Send to

Choose Destination
Foodborne Pathog Dis. 2009 Dec;6(10):1251-8. doi: 10.1089/fpd.2009.0343.

Characterization of clinical and environmental types of Vibrio vulnificus isolates from Louisiana oysters.

Author information

Department of Food Science, Louisiana State University Agricultural Center, Baton Rouge, Louisiana, USA.


Vibrio vulnificus, a naturally occurring estuarine bacterium frequently transmitted to humans via raw oysters, is a leading cause of seafood-related deaths in the United States. Although unique virulence markers have not been identified to date, multiple biomarkers have been used previously to associate strains with clinical or environmental types of V. vulnificus. In this study, we evaluated the usefulness of these biomarkers in characterizing 349 V. vulnificus oyster isolates by the presence/absence of a viuB-associated fragment and genotypes of three biomarkers: the virulence-correlated gene (vcg), 16S rRNA, and the capsular polysaccharide (CPS) operon. Genotyping data indicated that environmental-type V. vulnificus strains accounted for the majority of oyster isolates, and the percentages ranged from 51.6% for 16S rRNA (type A) to 72.5% for CPS (allele 2 or none). There was also a small percentage (8%) of V. vulnificus isolates possessing both environmental (type A) and clinical (type B) genotypes of 16S rRNA. Additionally, the presence of the viuB fragment (41%) was significantly associated with clinical genotypes of V. vulnificus (p < 0.0001). An interesting seasonal pattern was observed, with clinical-type V. vulnificus isolates more frequently associated with warmer months. In conclusion, the majority of V. vulnificus isolates present in Louisiana raw oysters were of environmental type. There existed a seasonal variation in the V. vulnificus genotypes identified, which may help guide future control measures to focus more specifically on seasons that tend to accumulate more clinical-type V. vulnificus. The study also highlighted the need to identify unique virulence markers in this organism, which could facilitate future screening of virulent V. vulnificus strains from oysters.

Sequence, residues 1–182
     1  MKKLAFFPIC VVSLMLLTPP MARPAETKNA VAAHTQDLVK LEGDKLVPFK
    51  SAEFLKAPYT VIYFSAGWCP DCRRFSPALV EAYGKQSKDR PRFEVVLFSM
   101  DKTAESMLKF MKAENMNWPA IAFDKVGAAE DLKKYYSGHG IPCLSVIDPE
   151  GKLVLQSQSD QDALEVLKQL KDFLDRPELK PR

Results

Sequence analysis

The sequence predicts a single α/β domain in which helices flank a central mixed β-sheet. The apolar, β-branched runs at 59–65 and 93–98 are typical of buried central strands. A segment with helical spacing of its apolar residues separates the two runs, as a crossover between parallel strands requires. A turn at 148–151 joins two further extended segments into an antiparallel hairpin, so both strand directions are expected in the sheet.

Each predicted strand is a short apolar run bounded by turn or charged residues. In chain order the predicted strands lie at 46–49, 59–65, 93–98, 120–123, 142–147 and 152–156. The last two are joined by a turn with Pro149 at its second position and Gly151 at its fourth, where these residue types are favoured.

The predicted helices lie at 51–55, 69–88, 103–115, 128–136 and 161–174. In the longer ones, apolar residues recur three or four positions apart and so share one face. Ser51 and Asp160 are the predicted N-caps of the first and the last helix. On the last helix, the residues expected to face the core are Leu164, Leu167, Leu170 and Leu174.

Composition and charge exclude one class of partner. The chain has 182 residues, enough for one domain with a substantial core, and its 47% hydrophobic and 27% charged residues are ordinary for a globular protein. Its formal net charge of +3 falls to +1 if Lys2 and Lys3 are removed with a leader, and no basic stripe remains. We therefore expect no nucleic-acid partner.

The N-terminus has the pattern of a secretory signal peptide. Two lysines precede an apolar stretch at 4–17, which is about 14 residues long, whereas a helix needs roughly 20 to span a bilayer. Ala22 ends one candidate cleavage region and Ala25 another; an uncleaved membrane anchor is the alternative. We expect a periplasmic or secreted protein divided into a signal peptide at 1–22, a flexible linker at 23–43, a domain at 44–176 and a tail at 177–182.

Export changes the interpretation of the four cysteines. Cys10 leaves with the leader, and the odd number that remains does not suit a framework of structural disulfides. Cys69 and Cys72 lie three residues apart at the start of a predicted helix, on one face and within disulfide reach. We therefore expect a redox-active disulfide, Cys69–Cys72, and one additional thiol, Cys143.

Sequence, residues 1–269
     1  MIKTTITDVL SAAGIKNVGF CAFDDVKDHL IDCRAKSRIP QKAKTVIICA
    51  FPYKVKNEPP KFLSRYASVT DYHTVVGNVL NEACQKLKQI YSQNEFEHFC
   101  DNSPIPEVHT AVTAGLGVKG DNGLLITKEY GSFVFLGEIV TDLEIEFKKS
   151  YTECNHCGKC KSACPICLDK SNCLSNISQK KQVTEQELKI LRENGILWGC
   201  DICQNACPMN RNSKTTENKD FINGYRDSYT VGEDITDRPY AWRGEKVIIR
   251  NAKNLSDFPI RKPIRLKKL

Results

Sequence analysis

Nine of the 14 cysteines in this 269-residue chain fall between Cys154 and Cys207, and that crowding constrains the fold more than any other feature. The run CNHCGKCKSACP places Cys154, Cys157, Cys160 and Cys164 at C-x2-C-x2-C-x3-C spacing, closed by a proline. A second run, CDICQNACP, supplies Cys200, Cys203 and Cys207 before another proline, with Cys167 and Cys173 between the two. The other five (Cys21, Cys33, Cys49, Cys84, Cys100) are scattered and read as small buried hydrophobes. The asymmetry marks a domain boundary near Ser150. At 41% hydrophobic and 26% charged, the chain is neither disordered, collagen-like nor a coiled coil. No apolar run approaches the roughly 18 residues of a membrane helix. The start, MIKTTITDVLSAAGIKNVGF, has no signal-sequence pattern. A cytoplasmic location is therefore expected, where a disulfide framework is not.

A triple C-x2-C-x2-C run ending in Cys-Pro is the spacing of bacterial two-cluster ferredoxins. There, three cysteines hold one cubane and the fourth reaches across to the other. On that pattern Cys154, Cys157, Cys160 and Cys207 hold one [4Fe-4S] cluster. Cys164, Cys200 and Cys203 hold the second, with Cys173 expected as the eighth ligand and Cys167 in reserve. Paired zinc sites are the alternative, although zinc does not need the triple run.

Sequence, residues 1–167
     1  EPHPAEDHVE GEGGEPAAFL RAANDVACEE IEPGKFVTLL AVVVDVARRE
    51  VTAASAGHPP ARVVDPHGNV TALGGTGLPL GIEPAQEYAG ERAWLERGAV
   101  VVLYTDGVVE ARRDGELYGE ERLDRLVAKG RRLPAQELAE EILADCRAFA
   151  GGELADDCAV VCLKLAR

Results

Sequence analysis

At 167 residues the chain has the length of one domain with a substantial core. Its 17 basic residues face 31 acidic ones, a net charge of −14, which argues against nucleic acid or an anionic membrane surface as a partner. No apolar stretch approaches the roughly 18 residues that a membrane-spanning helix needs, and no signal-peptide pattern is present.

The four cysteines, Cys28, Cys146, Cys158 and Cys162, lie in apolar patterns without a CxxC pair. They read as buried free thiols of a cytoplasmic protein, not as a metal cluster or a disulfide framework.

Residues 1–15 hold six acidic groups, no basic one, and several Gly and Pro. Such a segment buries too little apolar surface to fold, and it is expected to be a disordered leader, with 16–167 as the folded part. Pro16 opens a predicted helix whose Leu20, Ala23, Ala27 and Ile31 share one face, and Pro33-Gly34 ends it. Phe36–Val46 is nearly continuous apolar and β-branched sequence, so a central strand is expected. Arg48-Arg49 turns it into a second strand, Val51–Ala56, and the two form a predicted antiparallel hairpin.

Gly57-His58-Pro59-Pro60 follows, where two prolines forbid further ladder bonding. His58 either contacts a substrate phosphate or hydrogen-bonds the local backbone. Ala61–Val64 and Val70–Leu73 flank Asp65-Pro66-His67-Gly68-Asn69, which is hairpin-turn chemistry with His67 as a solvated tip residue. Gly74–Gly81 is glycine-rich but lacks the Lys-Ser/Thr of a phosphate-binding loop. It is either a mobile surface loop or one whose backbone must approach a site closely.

[Indexed for MEDLINE]

Supplemental Content

Full text links

Icon for Atypon
Loading ...
Support Center